Image from page 234 of “Wonders of the tropics; or, Explorations and adventures of Henry M. Stanley and other world-renowned travelers, including Livingstone, Baker, Cameron, Speke, Emin Pasha, Du Chaillu, Andersson, etc., etc. ..” (1889)
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Title: Wonders of the tropics; or, Explorations and adventures of Henry M. Stanley and other world-renowned travelers, including Livingstone, Baker, Cameron, Speke, Emin Pasha, Du Chaillu, Andersson, etc., etc. ..
Year: 1889 (1880s)
Authors: Northrop, Henry Davenport, 1836-1909
Subjects: Stanley, Henry M. (Henry Morton), 1841-1904
Publisher: Philadelphia, Pa. Chicago, Ill. [etc.] National Publishing Company
Contributing Library: The Library of Congress
Digitizing Sponsor: The Library of Congress
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e pursued his way.A country once very populous was nearly deserted on account of con-tinuous raids by slave hunters. A hippopotamus was shot, and, at the end of three days, it floated.As the boat was towing it, immense numbers of crocodiles followed, andit was necessary to fire at them to keep them off. It is said that thecrocodile never eats fresh meat; indeed, the more putrid it becomes, thebetter he enjoys his repast, as he can thus tear the carcass more easily.The corpse of a boy was seen floating by. Several crocodiles dashed atit, fighting for their prey, and in a few seconds it disappeared. Sixty-seven of the repulsive reptiles were seen on one bank. The natives eatthe animal, but few who had witnessed the horrible food on which theybanquet would willingly feed on their flesh. Their former companion, Mr. Thornton, here rejoined them. Hearingthat the remaining members of the bishops party were in want at Chi-bisa, he volunteered to carry over a supply of goats and sheep to them.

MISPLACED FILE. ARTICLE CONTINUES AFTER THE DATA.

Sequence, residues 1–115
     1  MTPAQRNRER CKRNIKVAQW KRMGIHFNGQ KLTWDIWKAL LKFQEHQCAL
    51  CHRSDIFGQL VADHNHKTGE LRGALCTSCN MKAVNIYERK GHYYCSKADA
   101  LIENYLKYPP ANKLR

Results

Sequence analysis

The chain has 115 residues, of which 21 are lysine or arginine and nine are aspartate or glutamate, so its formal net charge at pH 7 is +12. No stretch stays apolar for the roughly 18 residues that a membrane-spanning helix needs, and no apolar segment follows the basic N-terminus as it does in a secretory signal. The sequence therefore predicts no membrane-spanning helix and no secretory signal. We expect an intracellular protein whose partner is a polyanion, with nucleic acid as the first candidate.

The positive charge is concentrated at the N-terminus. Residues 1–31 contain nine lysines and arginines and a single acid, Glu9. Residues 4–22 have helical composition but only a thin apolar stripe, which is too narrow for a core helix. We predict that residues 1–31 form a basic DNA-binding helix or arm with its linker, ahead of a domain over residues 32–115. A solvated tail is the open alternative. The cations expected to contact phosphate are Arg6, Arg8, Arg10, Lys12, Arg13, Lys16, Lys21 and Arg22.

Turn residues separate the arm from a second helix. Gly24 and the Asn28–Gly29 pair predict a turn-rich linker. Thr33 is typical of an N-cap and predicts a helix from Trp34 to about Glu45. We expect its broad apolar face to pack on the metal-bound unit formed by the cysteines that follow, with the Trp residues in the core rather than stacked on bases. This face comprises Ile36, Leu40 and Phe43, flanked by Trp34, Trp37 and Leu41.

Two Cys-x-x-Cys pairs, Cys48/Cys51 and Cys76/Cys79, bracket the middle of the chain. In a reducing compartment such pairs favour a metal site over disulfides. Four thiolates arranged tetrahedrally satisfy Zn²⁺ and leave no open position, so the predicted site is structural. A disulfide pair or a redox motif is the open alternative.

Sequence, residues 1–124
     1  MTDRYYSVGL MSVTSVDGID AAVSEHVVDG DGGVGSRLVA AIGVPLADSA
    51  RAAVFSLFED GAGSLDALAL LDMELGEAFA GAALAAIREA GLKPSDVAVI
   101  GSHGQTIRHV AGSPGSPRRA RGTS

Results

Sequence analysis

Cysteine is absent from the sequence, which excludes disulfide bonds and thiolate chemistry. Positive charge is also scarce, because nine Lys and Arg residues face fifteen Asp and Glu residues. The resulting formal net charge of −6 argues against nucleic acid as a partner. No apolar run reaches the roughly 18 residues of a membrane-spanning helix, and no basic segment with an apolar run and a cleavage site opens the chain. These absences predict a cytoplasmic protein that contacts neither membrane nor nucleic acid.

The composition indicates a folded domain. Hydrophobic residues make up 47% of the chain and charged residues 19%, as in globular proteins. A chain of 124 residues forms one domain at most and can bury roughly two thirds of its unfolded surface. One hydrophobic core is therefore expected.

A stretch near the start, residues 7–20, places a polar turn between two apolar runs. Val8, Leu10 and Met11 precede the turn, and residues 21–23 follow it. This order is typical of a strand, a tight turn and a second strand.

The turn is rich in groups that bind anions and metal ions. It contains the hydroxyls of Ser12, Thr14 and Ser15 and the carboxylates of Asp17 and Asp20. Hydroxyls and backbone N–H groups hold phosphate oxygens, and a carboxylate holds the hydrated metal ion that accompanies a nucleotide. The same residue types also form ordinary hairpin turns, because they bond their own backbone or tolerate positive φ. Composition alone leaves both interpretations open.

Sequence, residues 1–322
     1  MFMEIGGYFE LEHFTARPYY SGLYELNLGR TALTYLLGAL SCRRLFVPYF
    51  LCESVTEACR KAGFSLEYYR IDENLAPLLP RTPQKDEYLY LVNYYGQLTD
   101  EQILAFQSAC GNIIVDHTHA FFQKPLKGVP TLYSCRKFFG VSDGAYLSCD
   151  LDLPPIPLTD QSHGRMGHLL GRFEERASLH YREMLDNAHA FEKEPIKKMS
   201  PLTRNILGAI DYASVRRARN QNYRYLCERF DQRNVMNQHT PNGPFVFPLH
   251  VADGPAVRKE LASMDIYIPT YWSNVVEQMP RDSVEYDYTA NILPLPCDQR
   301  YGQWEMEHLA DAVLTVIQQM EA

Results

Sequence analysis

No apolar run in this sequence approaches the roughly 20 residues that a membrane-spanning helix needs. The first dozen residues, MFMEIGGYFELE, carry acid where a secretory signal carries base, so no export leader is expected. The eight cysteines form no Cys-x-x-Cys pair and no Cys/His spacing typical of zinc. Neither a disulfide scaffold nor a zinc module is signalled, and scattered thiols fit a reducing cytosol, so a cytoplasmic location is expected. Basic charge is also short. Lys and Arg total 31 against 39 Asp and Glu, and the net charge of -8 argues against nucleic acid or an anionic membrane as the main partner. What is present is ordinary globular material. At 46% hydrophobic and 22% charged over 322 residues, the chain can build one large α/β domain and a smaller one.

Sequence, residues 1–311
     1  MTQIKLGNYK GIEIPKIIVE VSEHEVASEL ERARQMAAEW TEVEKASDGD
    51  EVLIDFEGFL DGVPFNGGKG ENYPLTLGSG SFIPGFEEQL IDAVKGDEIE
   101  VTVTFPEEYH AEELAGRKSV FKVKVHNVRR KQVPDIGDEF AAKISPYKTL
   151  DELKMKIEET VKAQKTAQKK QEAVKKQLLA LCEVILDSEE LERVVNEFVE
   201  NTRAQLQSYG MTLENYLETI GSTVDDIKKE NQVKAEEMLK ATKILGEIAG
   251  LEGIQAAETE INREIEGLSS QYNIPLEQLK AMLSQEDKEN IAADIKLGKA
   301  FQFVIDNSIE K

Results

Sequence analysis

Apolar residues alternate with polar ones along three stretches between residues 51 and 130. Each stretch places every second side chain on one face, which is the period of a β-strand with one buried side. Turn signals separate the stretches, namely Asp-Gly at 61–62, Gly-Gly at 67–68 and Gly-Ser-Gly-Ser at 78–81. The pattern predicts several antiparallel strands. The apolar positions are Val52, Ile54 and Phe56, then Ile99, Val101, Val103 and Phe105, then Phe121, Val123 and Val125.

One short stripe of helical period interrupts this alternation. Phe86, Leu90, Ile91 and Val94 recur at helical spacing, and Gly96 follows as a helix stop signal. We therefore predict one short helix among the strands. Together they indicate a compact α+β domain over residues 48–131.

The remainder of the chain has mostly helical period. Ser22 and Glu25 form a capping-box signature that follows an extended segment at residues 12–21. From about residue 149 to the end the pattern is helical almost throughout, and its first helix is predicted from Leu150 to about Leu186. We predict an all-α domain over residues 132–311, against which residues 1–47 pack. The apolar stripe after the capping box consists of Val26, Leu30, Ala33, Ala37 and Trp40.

Text Appearing After Image:
(215) 216 WONDERS OF THE TROPICS. Overcome by the fatigues of the journey, he was attacked by fever, whichterminated fatally in April, 1863. The whole of the once pleasant Shire valley was now a scene of wide-spread desolation. Fearful famine had devastated it, and the sights whichmet their eye in every direction were heart-rending. The ground wasliterally covered with human bones. Many had ended their career underthe shade of trees, others under projecting crags of the hills, whileothers lay in their huts with closed doors, which, when opened, disclosedthe mouldering corpse with a few rags round the loins, the skull fallen off the pillow; the little skeleton of a child that had perished first, was rolledup in a mat between two large skeletons. Transporting the Boat Overland. Hoping that the Lady Nyassa might be the means of affordingrelief to sufferers across the lake, they hurried on with their work. Shewas unscrewed at a spot about five hundred yards below the first cataract,and th
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